Such comparisons are something which makes many Orthodox Jews uncomfortable. Scholar Mark Winer has noted that "The Lubavitcher movement's suggestions that their late Rebbe Menachem Mendel Schneerson is the Messiah, reflect Christian millenarianism."[97]

Anthropologist Simon Dein has noted: "Lubavitchers held that the Rebbe was more powerful in the spiritual realm without the hindrance of a physical body. However some have now claimed that he never died. Several even state that the Rebbe is God. This is a significant finding. It is unknown in the history of Judaism to hold that the religious leader is God and to this extent the group is unique. There are certain Christian elements which apparently inform the messianic ideas of this group."[62]

Some have gone so far as to describe Chabad messianism as halachic Christianity. Judaism scholar Jacob Neusner writes:


There have been non-Chabad Jewish figures have expressed their concurrence with the belief that Schneerson is indeed the Messiah. Ya'akov Yosef, (son of Rabbi Ovadia Yosef), Aaron Leifer, the late Rabbi of Nadvorna-Safed, Eliyahu Shmuel Schmerler, rosh yeshiva of Sanz and member of the Mif'al Hashas, Ahron Rosenfeld of the Pinsk-Karlin Hasidic dynasty and Yaakov Menachem Rabinowitz of the Biala Hasidic dynasty, all signed a 1998 halachic decree ruling that Schneerson is the Messiah.[99]

The "Yechi" statement[edit]

"Yechi Adoneinu Moreinu v'Rabbeinu Melech haMoshiach l'olam vo'ed!" (יחי אדוננו מורנו ורבינו מלך המשיח לעולם ועד) is a phrase used by messianist Chabad Hasidism to proclaim that Schneerson is the messiah. It translates as "Long Live our Master, our Teacher, and our Rabbi, King Messiah, for ever." The phrase can be seen printed in various settings, notably on pamphlets, posters and small cards and keyrings. It is chanted by messianists at the end of daily communal prayers in Lubavitch congregations, including the main Lubavitch synagogue in Crown Heights, "770".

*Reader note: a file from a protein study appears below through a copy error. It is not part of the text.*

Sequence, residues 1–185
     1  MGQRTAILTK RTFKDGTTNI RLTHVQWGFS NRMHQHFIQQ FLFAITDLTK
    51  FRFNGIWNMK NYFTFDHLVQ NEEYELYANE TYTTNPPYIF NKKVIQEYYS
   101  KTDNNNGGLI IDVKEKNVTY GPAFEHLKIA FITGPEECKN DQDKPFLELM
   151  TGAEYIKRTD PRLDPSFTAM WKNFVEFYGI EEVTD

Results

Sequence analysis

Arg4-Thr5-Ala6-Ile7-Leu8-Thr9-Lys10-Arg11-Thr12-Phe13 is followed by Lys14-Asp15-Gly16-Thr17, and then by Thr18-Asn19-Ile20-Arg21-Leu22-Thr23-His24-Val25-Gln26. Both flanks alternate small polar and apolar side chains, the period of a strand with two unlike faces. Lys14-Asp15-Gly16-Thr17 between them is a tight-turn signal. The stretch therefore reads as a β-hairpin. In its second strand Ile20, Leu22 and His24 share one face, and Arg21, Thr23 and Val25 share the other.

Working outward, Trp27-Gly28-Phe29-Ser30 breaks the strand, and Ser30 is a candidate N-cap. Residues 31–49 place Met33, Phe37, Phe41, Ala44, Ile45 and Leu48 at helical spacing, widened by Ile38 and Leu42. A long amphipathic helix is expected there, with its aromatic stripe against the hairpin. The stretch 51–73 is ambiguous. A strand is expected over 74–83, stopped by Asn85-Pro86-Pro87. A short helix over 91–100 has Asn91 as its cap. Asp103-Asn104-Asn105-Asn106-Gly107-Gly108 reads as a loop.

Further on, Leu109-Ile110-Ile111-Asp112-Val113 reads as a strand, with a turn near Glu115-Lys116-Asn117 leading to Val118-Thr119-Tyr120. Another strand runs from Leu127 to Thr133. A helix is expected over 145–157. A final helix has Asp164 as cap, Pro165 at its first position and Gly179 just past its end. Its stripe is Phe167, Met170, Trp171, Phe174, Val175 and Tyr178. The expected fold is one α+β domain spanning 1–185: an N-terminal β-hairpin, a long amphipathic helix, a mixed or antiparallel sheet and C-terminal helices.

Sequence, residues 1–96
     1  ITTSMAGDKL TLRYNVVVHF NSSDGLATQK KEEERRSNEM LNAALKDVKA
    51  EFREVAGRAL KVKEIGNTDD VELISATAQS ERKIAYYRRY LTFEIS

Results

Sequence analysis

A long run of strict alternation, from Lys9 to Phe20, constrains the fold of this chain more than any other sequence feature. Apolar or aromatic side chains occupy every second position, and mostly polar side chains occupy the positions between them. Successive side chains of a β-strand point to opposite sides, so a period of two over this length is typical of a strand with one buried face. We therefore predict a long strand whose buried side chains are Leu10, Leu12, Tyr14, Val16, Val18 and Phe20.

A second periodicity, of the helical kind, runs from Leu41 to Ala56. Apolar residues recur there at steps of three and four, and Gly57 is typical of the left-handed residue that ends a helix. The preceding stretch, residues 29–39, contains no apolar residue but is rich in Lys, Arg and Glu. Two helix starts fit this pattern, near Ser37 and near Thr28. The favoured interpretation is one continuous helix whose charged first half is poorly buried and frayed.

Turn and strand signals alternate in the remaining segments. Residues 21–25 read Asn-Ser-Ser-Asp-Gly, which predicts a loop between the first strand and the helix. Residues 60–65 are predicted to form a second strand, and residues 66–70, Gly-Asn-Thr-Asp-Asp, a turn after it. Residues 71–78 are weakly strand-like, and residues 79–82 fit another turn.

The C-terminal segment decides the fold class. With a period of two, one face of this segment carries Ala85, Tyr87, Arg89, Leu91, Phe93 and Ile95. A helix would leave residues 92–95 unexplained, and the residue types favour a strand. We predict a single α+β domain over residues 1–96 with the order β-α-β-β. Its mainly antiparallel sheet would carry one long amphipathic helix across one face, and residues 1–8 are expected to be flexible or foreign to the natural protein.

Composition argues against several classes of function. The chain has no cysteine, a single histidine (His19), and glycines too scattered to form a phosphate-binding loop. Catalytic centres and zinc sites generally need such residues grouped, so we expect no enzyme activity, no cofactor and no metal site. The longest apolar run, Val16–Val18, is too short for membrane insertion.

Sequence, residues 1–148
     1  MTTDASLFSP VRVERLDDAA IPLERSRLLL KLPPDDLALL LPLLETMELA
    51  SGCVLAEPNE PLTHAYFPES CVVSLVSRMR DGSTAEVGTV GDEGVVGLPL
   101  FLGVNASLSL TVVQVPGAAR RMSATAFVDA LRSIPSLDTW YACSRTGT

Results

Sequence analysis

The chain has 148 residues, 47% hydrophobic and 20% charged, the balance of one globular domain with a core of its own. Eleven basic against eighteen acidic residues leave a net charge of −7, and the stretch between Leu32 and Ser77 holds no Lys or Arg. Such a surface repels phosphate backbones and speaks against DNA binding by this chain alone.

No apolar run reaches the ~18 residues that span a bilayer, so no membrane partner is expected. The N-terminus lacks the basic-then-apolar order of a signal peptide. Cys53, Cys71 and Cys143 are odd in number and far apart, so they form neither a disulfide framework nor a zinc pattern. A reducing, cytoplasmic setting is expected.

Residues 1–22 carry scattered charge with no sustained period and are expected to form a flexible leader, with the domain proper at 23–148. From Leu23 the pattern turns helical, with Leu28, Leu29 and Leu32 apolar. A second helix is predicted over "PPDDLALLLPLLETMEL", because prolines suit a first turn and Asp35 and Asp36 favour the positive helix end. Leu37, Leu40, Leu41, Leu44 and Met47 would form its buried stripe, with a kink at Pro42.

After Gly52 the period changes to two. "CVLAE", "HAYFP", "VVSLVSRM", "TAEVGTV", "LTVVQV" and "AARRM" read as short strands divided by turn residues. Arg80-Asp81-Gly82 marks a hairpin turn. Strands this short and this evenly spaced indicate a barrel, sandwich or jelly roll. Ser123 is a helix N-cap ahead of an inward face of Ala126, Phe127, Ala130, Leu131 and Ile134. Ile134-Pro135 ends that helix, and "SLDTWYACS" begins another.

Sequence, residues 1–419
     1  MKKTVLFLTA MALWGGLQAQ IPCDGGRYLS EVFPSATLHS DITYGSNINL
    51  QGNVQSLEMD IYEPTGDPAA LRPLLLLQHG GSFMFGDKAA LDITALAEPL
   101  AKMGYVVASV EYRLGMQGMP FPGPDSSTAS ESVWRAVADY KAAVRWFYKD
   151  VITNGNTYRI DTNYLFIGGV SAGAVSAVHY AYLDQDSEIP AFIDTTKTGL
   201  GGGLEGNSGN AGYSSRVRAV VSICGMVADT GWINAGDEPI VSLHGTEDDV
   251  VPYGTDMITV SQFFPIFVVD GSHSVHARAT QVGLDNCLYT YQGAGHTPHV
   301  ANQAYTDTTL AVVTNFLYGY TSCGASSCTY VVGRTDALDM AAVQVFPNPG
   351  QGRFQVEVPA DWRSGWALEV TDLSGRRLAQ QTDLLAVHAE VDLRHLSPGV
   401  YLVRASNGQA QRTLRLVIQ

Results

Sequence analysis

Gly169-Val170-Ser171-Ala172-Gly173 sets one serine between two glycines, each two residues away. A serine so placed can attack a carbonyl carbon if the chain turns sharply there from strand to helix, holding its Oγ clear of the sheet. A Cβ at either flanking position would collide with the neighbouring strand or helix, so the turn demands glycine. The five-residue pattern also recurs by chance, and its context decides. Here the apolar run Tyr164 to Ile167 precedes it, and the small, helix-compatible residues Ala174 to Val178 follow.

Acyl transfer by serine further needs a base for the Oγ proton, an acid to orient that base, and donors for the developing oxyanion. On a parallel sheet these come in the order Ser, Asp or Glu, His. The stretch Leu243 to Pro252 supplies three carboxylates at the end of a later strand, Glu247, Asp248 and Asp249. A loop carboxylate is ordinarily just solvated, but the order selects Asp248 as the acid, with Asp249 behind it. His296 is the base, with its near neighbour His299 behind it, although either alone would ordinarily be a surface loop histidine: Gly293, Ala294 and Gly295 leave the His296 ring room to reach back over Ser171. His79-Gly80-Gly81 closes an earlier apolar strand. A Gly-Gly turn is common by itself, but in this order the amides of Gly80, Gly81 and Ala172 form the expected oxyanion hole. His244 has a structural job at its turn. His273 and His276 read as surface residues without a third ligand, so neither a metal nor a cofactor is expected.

Yechi has a complex and controversial history dating back to the early-1990s and can be used as a litmus test to differentiate the messianists from the anti-messianists or non-messianists.[citation needed]

Yechi began as the phrase "Yechi Adoneinu Moreinu Verabbeinu," ("Long Live our master, teacher and Rebbe!") to which the response was a shout of "Yechi" ("May he live!"). It appears to be based on the statement made by Bathsheba, the wife of King David "Yehi adoni hamelech David le'olam," ("May my lord King David live forever!") (Kings I 1:31). When used by Lubavitcher Hassidim, it was originally recited in the presence of Schneerson after twelve special verses known as "the Twelve Pesukim" whose recitation the Rebbe encouraged in his teachings.

A child honored with reciting the last verse of the Twelve Pesukim would call out the phrase, to which everyone would respond. This was repeated three times. After three calls, everyone would chant the word Yechi together in a 2-3-2-3 pattern. This was followed by singing "We Want Moshiach Now".

See also[edit]


  1. ^ also: Habad messianism, Lubavitcher messianism, mishichism, meshichism.
  2. ^ Susan Handelman, The Lubavitcher Rebbe Died 20 Years Ago Today. Who Was He?, Tablet Magazine
  3. ^ "Article « The Rebbe Twenty Years After « Commentary Magazine". Retrieved 30 December 2014. 
  4. ^ Adin Steinsaltz, My Rebbe page 24
  5. ^ Elliot R. Wolfson. Open Secret: Postmessianic Messianism and the Mystical Revision of Menahem Mendel Schneerson. Page 19.
  6. ^ a b
  7. ^ a b c d "Rav Aharon Lichtenstein's Hesped for the Lubavitcher Rebbe - English". Retrieved 23 December 2014. 
  8. ^ See section "Before Schneerson's Death"
  9. ^ The Messiah of Brooklyn: Understanding Lubavitch Hasidim Past and Present, M. Avrum Ehrlich, ch.9 notes, KTAV Publishing, ISBN 0-88125-836-9